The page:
Goon Priest

The Goon Priest

Second Sunday after Epiphany
Second Sunday in Ordinary Time

1 Samuel 3:1-20
John 1:43-51

I wonder what a rewrite of Jennifer Egan’s A Visit from the Goon Squad would look like if the setting shifted from punk rock and public relations to church and public witness. What if someone could draw the unforgettable characters in ecclesial matters that Egan does with musicians? (They might have to tone down the bohemian debauchery a little bit). Read more

The Church as Highway Department

Third Sunday of Advent (Year B)

Isaiah 61:1-4, 8-11

Luke 1:46-55

1 Thessalonians 5:16-24

John 1:6-8, 19-28

Not long ago I heard a program on NPR about the use of satellite images by human rights groups as a way of tracking atrocities in South Sudan.  Using before and after images human rights workers are able to track changes in the landscape that might indicate a mass grave or the razing of a village.  The satellite images also offer a chance, in some cases, of heading off attacks because preceding a major advance the Janjaweed militias will have to clear trees and build roads to allow their forces to move heavy artillery.  In another recent NPR story about the history of the American interstate system, the author of a book on the subject talked about how Eisenhower, with his military background, liked the idea of long, broad highways that would allow for quick military deployment in the event of an attack.

These NPR stories came to mind when I read Isaiah 40:3, the passage of scripture John the Baptist quotes as he explains to the official religious authorities who exactly he is: “A voice cries out: ‘In the wilderness prepare the way o f the LORD, make straight in the desert a highway for our God” (Isaiah 40:3b).  There is a military sensibility at work in this proclamation that certainly wouldn’t be lost on John or Isaiah’s hearers.  God is making an advance; God is coming to attack the world of robbery, greed and enslavement that have plagued God’s people.  This is not an advance of violence, but rather of liberation and restoration—“good news to the oppressed…liberty to the captives, and release to the prisoners.” Read more

Lamb and Shepherd: The Feast of Our Lord Jesus Christ, King of the Universe

The Reign of Christ
Christ the King

Ezekiel 34: 11-16
Ephesians 1: 15-23 OR 1 Corinthians 15:20-28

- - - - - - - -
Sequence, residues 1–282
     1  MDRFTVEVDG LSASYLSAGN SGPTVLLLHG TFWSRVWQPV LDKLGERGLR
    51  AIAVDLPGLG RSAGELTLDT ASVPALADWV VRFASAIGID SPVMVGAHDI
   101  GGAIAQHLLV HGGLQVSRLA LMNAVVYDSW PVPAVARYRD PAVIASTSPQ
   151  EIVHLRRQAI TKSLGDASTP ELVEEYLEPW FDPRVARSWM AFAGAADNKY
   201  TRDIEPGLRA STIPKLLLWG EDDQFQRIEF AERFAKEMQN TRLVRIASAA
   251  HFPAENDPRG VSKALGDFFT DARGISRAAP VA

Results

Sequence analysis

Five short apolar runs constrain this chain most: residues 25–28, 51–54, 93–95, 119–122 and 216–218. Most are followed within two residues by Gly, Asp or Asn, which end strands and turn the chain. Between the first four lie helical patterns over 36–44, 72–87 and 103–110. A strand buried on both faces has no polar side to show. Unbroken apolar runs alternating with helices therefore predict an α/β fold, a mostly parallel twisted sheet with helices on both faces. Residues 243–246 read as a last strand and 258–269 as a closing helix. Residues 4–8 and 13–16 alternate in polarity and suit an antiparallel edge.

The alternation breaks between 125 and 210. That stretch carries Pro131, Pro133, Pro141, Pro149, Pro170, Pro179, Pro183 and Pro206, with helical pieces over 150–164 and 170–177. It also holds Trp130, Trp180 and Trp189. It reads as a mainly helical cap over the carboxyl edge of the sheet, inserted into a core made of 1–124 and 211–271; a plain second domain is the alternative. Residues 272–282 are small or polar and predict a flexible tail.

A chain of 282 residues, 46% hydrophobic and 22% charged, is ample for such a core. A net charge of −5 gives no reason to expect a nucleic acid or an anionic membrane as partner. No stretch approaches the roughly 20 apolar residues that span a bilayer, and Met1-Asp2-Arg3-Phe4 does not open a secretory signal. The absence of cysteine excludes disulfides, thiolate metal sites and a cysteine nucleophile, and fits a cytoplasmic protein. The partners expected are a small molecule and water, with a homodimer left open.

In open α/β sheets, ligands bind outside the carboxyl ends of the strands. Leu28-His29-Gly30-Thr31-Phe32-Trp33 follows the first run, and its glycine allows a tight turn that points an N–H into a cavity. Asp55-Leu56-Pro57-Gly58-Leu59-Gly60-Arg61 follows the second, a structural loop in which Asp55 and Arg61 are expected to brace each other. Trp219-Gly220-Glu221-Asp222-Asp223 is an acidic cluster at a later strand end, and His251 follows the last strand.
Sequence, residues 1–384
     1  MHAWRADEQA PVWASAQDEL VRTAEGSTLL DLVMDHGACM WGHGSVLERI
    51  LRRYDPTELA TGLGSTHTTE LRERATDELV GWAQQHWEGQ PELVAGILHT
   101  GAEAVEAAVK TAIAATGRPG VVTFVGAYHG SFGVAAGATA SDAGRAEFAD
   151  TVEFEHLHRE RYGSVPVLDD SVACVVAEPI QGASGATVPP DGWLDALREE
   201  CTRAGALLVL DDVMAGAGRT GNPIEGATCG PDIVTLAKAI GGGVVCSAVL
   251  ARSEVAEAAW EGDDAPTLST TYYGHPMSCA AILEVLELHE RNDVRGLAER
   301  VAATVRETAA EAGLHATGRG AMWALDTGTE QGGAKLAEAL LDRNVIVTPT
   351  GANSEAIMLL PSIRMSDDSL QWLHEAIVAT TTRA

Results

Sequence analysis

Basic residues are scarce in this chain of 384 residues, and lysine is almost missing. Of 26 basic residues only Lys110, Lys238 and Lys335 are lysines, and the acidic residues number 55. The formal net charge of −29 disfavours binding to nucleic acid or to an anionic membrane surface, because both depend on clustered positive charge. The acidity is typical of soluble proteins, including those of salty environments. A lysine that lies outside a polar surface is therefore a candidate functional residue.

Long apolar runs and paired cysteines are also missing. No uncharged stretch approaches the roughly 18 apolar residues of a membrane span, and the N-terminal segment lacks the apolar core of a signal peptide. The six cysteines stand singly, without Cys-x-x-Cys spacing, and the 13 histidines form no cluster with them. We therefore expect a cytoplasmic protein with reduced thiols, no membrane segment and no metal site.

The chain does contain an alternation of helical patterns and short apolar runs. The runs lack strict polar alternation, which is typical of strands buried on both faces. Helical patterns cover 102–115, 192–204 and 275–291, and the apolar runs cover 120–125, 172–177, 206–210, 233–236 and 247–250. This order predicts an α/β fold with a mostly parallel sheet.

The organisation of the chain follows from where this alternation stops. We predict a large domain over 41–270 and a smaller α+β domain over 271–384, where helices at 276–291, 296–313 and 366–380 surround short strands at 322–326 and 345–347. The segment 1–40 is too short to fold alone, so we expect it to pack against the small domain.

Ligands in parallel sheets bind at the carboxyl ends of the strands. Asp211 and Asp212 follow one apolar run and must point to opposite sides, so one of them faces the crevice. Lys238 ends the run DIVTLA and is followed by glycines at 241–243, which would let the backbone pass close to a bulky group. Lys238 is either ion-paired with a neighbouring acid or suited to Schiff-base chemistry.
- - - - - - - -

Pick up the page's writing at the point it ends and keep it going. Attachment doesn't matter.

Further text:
Matthew 25: 31-46

There is a poster on the wall in the weight room of our local recreation centre where I go twice a week for strength training, along with some amazing 70 and 80 year olds (yes, at forty-six my nickname is “the kid”). I try not to look at the poster as it gets my goat, blithely proclaiming that the destination matters not, only the journey is important. Except, of course, the destination in large part determines the journey and without a destination the journey can get pretty lost and chaotic. This coming Sunday, Reign of Christ or Christ the King Sunday, the last Sunday in this liturgical year, is set aside to highlight the destination of our journey together in Christian faith. Having come full circle and before we begin again a new Christian year, it is to remind us, with our hearts enlightened, of who we are and whose we are and of the hope to which Christ has called us. Read more

It’s About Us

18th Sunday After Pentecost; 28th Sunday in Ordinary Time
Philippians 4:1-9; Matthew 22:1-14

Perhaps our response to Sunday’s lectionary gospel text ought to be Quaker-like silence.

It’s Matthew, after all, so we are familiar with the uncompromising eschatology. But what to say? It’s a passage that contains one of the hard(est) sayings of Jesus: plenty of mystery but seemingly little grace.

In Matthew’s version of the parable of the wedding banquet (would that it was Luke’s!), a king plans a great nuptial feast for his son. Twice he sends slaves to summon the invited guests but, for reasons left unsaid, “they would not come.” (The second wave of slaves are brutally slaughtered by some of the guests—a shocking, inscrutable over-reaction that prefigures more violence to come). Read more

So Much Unfairness of Things

15th Sunday after Pentecost
26th Sunday in Ordinary Time

Ezekiel 18:1-4, 25-32
Philippians 2:1-13
Matthew 21: 23-32

“You can’t conceive, my child, nor can I or anyone
the … appalling … strangeness of the mercy of God.”
-Graham Greene, Brighton Rock

Mrs. Turpin, the main character in Flannery O’Connor’s short story, “Revelation,” (published 1965) is grateful. She’s aware, after all, that God could have created things differently. She might not have been white or middle class, which, she thanks God, she is. She’s even grateful that her daily, sometimes distasteful, encounters with poor blacks and “white trash” remind her that “…one had to have certain things before you could know certain things.”

What she knows is this: she lives in a fair and ordered world, each person occupying the place he or she deserves and awaiting, in the life to come, a just and well-earned reward. If she weren’t such a mid-twentieth century model of Southern primness, she might be mistaken for a twenty-first century bourgeois Buddhist hipster, knowingly whispering, “karma’s a bitch,” in the presence of the unenlightened.

But there’s another thing Mrs. Turpin knows: the world is neither so fair nor so ordered as she would like. Life’s chaos and unfairness gnaws at her and she finds herself grasping for reassurance, often with disturbing results: Read more